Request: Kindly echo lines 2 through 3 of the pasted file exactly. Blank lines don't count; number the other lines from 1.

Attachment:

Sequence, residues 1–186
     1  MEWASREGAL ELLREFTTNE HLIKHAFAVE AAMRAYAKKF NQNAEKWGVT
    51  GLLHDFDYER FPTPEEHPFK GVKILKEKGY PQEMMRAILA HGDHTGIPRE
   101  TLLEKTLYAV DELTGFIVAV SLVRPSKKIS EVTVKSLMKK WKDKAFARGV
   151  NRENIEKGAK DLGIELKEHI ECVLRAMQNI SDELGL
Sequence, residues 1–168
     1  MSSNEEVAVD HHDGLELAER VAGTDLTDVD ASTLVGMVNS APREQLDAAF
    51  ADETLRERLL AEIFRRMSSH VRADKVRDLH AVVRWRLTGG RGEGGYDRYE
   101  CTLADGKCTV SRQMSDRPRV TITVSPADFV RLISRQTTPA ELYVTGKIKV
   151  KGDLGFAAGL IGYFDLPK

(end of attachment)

     1  MEWASREGAL ELLREFTTNE HLIKHAFAVE AAMRAYAKKF NQNAEKWGVT
    51  GLLHDFDYER FPTPEEHPFK GVKILKEKGY PQEMMRAILA HGDHTGIPRE